Basic policies Windows 2008, best practises.

janhoedt
janhoedt used Ask the Experts™
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Hi,

I'm looking for really short structure & best practises guide for applying policies Windows 2008.

Reason: I want to apply regional settings and keyboard layout to some machines and see several different ways to do this: import registry, use adm-file (why doing this and not registry), predefined registry keys (for regional settings some are greyed out, no idea why).

Please advise, if you can give input on regional settings & keyboard also, it would come in handy.
J.
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Best Practices Analyzer (BPA) is a server management tool that is available in Windows Server® 2008 R2. BPA can help administrators reduce best practice violations by scanning one or more roles that are installed on Windows Server 2008 R2, and reporting best practice violations to the administrator. Administrators can filter or exclude results from BPA reports that they do not have to see. Administrators can also perform BPA tasks by using either the Server Manager GUI, or Windows PowerShell cmdlets.

Best Practices Analyzer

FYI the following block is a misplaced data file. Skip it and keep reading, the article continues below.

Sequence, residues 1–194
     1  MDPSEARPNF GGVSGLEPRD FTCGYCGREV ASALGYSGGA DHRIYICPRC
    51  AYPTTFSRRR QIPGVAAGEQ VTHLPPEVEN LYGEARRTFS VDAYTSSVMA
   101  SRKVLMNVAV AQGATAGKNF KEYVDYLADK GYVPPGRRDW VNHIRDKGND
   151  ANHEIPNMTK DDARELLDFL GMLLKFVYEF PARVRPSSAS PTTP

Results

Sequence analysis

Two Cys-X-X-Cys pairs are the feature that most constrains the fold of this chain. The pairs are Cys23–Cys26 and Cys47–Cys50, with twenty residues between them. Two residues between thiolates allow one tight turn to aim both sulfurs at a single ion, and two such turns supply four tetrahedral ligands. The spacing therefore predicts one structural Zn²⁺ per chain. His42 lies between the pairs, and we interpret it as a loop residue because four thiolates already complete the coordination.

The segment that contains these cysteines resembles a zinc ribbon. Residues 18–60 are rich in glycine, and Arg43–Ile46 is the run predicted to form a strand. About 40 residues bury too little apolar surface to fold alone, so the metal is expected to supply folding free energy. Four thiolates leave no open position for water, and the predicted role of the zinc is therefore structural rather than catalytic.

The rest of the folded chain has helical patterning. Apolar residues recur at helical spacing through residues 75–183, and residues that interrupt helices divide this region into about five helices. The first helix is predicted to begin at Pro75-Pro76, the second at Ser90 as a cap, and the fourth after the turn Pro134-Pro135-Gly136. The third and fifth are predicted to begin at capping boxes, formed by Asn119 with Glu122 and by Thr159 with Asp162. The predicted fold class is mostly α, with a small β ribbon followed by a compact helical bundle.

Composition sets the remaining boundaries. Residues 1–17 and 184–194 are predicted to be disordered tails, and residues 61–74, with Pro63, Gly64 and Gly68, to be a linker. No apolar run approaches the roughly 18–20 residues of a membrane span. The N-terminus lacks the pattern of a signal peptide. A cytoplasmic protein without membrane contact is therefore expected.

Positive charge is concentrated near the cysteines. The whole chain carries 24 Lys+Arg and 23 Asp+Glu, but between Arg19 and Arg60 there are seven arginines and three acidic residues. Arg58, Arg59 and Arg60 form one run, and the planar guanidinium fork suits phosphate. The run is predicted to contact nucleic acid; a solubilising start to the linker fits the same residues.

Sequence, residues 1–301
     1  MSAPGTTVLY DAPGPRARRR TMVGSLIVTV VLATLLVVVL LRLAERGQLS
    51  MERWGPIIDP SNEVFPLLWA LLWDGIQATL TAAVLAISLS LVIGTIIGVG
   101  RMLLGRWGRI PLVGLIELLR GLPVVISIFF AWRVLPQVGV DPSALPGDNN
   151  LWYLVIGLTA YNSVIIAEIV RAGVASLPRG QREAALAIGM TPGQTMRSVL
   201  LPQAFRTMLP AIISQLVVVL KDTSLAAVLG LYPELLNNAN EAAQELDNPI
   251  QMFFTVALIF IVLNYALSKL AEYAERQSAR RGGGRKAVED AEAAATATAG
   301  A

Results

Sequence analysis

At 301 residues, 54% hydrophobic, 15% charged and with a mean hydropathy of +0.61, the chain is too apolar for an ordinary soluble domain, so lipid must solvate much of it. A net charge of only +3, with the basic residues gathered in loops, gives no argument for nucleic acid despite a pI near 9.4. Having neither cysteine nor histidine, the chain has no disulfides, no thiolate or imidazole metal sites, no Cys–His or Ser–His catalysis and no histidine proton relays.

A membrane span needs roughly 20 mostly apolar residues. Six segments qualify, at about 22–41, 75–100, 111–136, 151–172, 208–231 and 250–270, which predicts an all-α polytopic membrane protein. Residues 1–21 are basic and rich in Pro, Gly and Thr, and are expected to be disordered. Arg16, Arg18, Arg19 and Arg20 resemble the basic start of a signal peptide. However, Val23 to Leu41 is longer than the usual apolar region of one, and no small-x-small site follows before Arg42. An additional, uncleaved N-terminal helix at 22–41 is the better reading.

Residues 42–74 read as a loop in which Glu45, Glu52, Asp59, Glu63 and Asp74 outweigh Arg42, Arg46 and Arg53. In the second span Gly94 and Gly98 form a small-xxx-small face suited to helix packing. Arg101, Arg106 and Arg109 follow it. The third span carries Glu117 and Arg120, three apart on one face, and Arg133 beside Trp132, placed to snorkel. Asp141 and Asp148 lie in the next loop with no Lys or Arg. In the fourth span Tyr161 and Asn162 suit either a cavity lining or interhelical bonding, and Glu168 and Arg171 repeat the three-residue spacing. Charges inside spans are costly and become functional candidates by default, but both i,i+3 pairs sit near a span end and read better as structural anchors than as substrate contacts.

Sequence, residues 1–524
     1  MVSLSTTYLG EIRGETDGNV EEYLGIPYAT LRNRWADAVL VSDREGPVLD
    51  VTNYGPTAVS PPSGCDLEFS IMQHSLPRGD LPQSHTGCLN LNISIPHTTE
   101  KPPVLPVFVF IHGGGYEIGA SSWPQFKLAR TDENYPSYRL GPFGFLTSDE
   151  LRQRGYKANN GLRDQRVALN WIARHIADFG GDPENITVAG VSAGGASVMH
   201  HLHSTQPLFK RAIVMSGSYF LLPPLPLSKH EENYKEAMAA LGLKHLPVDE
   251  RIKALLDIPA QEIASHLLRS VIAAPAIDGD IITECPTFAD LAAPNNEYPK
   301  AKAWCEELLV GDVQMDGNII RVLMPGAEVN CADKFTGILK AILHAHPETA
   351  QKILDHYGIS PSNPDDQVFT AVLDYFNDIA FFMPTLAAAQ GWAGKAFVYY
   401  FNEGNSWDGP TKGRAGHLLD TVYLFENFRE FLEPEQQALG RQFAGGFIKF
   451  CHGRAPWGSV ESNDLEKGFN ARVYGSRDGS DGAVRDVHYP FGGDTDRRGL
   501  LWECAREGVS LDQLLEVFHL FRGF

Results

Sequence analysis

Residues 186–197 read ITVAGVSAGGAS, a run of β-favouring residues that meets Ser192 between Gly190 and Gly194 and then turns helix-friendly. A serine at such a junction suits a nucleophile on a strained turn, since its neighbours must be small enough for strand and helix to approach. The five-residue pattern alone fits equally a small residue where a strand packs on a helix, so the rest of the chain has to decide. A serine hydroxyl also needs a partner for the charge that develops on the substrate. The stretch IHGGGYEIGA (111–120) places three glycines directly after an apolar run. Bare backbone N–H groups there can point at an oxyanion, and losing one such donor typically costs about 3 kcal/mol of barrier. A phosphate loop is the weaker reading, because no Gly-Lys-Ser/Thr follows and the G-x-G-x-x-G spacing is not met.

BPA is installed by default on all editions of Windows Server 2008 R2 except the Server Core installation option.

for more info..
http://technet.microsoft.com/en-us/library/dd759260.aspx

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Commented:
Sorry, appreciate the input, but this has nothing to do with my questons regarding policies.
Commented:
In general settings made by "Microsoft Supplied" Group Policy Objects (GPOs) and domain membership are reversible and cascadable in a well defined way. Removing the policy will cause the system to revert to its previous behaviour. Tools exist to model the settings after these (Group Policy results and Group Policy Modeling). In general things set by policy can't be modified by the users. The new (XP SP3 I think) group policy preferences allow you to set default vaulues that can be modified by the users.

However if you use a custom home brew ADM file (rather than a registry file) then you WILL "tatoo" the registry and removing it will leave the new setting in place. You are basically providing a GUI to creating registry values. Again these can be cascaded in a predicatable manner. Easily applied by GPO etc.

Registry files probably allow most control, but they are not very supportable.

As for keyboard languages, well these are a hardware thing. I would have thought these are set when the machine is built. Not sure how registry values can be grayed out, can you give sample keys. I guess it could be because the necessary files aren't loaded.

I found the tutorial on this here:-

http://learnthat.com/2009/04/windows-server-2003-group-policy-and-security-70-290/

but I havn't read it.

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